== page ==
Rubber Roofing

Posted by Networx Team | Jan 01, 2011
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Rubber roof

There is a new innovation in the roofing market that’s just shy of 15 years old: engineered rubber and plastic roofing products. And as time goes by, more people are hearing about the benefits of the material and are asking questions about the product. Find a roofer to answer your questions.

There are several companies across the United States and Canada that produce engineered rubber roofing products in a variety of styles and colors for a number of uses, from shingles, shakes and slates to roofing membrane and synthetic underlayment. Each company has its own formula which it is steadily improving, including mixtures of post-industrial plastics, recycled rubber and plastic, raw polymers and olefins; they also include a variety of natural and synthetic binders and stabilizers. The shingles, shakes and slates are made, for the most part, with injection molding, extrusion molding or die pressing to achieve similarity to the authentic shingles they are imitating. They can look so real that you may have to touch the material to see whether it actually is real wood or slate.

While there are no uniform testing standards yet for the relatively new rubber and plastic products, the engineered rubber roofing products are classified by Underwriters Laboratories, Inc. (UL) ranging from Class A to Class C fire resistance, and nearly all are rated "Class 4" in impact resistance (and hail protection) - the highest rating possible. Additionally, the non-porous materials are resistant to absorbing or holding moisture, making them exceptionally resistant to freezing and thawing cycles, algae, fungus and insects. There are a few manufacturers that even offer up to a 100-mph wind warranty. Looking for a roofer to install a roof with this kind of warranty? Find a roofer to install a roof on your home with a warranty.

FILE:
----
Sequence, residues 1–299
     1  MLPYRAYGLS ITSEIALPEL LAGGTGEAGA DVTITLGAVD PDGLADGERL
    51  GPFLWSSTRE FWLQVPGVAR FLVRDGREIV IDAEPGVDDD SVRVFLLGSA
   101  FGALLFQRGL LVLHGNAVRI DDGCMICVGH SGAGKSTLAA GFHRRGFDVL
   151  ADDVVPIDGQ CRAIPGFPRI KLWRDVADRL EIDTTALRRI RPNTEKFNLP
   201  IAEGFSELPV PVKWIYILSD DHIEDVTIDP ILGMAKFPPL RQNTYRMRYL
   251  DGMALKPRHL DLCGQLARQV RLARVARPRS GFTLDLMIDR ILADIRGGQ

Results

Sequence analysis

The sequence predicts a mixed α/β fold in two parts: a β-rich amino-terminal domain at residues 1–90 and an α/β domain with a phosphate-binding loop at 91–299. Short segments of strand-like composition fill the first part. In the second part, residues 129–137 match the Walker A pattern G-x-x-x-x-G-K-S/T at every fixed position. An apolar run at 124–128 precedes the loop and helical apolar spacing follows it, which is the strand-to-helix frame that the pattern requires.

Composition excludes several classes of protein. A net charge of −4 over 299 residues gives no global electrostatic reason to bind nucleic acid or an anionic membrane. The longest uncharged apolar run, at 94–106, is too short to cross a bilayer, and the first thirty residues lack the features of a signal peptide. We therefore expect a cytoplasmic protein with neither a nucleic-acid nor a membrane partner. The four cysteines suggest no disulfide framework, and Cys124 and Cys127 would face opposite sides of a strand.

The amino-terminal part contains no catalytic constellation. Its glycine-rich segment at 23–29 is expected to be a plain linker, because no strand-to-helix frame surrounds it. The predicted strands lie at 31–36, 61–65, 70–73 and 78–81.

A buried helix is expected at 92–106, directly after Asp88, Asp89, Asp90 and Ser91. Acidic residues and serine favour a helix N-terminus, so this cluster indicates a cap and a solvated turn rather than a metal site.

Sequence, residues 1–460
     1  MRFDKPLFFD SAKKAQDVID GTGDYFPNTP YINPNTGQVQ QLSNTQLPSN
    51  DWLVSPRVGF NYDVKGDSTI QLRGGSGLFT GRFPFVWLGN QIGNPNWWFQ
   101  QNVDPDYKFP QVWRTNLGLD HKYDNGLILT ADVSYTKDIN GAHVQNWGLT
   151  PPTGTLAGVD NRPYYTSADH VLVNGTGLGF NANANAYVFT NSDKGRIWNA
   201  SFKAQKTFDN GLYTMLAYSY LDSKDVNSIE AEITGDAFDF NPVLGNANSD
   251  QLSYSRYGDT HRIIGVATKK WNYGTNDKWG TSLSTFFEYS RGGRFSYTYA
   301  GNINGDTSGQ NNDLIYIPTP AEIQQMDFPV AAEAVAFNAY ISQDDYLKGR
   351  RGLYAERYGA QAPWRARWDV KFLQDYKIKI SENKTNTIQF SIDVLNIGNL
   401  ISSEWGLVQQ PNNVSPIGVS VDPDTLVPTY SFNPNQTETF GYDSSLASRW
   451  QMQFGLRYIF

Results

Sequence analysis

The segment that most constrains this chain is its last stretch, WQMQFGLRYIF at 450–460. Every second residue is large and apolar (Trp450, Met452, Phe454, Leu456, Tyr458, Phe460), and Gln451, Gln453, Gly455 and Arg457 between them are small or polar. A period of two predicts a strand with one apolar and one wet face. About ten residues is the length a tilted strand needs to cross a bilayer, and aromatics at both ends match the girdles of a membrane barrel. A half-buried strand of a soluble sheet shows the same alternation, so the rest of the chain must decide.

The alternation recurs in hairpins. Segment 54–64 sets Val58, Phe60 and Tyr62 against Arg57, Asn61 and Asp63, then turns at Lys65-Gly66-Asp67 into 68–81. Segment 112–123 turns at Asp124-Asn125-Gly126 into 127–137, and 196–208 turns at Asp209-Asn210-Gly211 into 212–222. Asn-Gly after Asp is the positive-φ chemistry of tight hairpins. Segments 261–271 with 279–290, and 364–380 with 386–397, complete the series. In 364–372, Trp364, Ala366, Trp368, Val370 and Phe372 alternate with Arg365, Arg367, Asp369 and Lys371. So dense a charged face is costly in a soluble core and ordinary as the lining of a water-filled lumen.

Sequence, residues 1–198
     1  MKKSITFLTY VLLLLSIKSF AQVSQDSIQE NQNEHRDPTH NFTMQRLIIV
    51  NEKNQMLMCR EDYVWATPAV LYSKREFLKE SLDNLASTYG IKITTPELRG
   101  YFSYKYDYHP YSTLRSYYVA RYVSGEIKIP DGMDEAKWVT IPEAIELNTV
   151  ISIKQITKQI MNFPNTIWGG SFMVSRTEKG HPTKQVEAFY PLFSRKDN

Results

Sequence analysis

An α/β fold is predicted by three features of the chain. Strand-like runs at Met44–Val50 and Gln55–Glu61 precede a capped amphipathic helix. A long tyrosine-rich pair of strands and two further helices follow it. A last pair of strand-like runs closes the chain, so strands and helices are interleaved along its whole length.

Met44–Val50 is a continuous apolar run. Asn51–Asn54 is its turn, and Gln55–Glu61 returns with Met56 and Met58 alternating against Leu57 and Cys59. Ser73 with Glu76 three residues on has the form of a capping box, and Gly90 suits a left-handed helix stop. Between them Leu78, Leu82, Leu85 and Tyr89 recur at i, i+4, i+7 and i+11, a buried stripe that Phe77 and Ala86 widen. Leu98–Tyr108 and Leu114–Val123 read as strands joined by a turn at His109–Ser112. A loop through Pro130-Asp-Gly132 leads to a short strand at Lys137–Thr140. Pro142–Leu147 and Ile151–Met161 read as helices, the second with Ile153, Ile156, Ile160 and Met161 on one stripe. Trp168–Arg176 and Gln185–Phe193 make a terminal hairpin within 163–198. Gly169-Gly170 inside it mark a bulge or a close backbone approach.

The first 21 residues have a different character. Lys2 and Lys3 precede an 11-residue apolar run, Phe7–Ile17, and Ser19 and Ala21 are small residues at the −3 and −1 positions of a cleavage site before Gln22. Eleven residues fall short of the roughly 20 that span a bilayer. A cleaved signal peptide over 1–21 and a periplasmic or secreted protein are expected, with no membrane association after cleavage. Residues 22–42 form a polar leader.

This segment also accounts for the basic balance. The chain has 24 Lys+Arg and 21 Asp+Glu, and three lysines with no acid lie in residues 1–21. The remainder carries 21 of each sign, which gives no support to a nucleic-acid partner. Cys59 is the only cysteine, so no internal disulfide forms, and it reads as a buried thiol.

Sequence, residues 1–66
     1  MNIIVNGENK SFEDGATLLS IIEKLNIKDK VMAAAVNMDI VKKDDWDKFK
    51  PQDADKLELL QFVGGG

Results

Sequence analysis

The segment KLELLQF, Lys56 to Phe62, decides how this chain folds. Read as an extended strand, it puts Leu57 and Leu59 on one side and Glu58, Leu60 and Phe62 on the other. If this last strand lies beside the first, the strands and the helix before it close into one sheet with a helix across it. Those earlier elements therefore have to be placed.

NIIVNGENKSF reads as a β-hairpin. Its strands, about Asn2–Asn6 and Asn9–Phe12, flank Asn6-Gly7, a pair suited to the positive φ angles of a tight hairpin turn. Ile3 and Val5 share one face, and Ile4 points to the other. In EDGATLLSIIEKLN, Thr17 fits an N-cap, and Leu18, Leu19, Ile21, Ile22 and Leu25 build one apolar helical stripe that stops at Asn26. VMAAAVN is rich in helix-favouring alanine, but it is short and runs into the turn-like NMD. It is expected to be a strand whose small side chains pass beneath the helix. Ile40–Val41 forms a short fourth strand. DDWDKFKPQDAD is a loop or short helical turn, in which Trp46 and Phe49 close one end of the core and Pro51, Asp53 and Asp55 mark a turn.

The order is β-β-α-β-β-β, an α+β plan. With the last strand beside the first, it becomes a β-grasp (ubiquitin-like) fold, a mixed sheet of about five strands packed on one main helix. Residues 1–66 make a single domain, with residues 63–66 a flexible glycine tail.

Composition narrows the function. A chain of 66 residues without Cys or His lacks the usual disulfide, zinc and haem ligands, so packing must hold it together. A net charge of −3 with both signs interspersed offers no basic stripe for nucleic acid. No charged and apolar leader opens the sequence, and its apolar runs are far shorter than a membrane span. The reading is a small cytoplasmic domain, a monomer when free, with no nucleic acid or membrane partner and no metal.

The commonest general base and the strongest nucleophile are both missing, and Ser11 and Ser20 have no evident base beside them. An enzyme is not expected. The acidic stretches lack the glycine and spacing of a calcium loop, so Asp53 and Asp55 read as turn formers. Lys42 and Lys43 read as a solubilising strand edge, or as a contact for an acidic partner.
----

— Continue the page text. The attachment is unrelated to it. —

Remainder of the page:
Some consumers may prefer the product not only for its performance, but also for its low-maintenance longevity, including up to 50-year manufacturer product warranties, and for the potential for recycling the materials after the useful life of the roofing material is over. Others may like the fact that there may be energy credits for using the rubber roofing products, as some of them offer better insulation options for hot or cold climates, including ultraviolet inhibitors which increase solar reflectivity and may soon meet Energy Star compliance. Because synthetic rubber roofing weighs less than many roofing options, shipping costs on synthetic slate products average a lot less than natural slate. Rubber roofing products often utilize simpler installation methods than their counterparts, and they generate less waste since no pieces have to be culled due to breakage or inferior quality, and there is virtually no trimming needed.

Just like anything else, there can be a downside. Since rubber roofing has only been on the market since 1993, it is unknown how much the color will or will not fade over time, or if the rubber will become brittle and less resistant to hail as it is exposed to weather over a long period of time. Independent research results paid for by the manufacturers look promising.

Whether for a flat or low-sloped roof or a steep-sloped roof, there is an engineered rubber or plastic roofing product to fit the bill. Before you head out to place your order, it is wise to consult with a roofing professional in your area. Marshall Sturgill, president of Hidden Valley Roofing in Phoenix, Arizona, says the product you choose will depend on the type of project you are working on. “[There is] not any one product that works in all situations,” he said. Find out from a local roofer whether rubber roofing is right for your home or business.

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